Police Admit to Misapplying ‘Blue Lives Matter’ Law in Recent Arrest
The New Orleans Police Department (NOPD) released a statement admitting officers misapplied the state’s new “blue lives matter” in charging a man who allegedly shouted slurs at officers during his arrest.
NOPD spokesman Tyler Gamble told the New Orleans Times Picayune newspaper “it is clear that the responding officer incorrectly applied the law relative to a hate crime in this incident.” Gamble said the determination was made following a department review of the charges. He also said the department is in the process of training officers and supervisors on the changes in the law “to ensure it is applied properly moving forward.” Adding, the ultimate decision with how to move forward belongs to the Orleans Parish District Attorney’s Office.
The new “blue lives matter” law went into effect on August 1.
When questioned about the charges after the initial arrest earlier this week, D.A.’s Office spokesman Christopher Bowman said, “Based up on that review, the office will make a determination whether or not to initiate formal charges, and which charges to initiate.” Bowman declined to comment further, according to the newspaper.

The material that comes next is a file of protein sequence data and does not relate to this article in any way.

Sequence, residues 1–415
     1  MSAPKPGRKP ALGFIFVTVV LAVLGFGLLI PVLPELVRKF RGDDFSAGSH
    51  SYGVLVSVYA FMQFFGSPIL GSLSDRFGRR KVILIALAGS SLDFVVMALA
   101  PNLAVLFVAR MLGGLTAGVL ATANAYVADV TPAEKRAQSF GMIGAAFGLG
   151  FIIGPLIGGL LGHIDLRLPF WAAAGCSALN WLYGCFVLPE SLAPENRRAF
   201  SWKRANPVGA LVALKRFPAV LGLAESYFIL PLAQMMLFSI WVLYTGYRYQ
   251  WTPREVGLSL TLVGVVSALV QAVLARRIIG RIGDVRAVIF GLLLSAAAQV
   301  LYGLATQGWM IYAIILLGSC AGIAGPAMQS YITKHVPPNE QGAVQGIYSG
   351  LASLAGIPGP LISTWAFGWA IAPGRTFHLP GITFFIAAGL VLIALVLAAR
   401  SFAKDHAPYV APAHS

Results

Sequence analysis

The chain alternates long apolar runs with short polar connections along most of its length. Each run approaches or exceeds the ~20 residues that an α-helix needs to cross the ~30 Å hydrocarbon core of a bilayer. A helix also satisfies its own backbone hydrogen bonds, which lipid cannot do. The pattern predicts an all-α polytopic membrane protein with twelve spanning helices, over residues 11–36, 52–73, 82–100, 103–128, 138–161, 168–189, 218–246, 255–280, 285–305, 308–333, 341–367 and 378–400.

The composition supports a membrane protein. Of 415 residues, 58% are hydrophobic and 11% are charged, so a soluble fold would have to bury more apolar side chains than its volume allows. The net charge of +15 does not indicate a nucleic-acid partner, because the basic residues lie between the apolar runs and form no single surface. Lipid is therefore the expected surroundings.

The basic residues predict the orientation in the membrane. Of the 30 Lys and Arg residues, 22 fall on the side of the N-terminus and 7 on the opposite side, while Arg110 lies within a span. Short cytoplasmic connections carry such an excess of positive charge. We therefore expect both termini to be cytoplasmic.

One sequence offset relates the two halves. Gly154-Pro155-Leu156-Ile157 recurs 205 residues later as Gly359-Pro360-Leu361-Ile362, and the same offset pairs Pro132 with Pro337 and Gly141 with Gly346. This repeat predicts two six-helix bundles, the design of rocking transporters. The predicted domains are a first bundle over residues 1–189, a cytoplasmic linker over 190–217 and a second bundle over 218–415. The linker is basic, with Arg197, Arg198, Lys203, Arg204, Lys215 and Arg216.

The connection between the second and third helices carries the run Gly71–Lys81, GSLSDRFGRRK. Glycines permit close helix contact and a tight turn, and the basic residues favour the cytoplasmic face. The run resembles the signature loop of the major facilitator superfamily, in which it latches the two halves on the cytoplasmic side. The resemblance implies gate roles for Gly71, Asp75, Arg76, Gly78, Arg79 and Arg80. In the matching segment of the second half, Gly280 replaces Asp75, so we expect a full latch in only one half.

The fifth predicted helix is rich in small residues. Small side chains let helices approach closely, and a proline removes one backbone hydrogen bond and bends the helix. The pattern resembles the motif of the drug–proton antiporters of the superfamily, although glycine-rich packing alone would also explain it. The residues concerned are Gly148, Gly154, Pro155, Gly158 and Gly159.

Raul Delatoba was arrested on Monday after he damaged a window at a hotel in the French Quarter. During the arrest, Delatoba allegedly screamed racist and sexist slurs at police officers, calling the female officer a ”dumb a— c—“ and another officer a “dumb a— n——.” A police sergeant then reportedly instructed the arresting officers to file the hate crime charge. Delatoba is believed to be the first person charged under the statute.
Several advocacy groups, including the Anti-Defamation League, have been critical of the law change and were especially critical of the decision to apply it based on these facts.
Allison Padilla-Goodman, the regional director of the ADL, said it was inappropriate to apply the law in this case because the alleged underlying crime of property damage did not connect to the alleged slurs against the police officers.
To apply the hate crimes statute in this context, the underlying offense of simple criminal property damage would have to be committed in connection with the intent to discriminate against the police officers.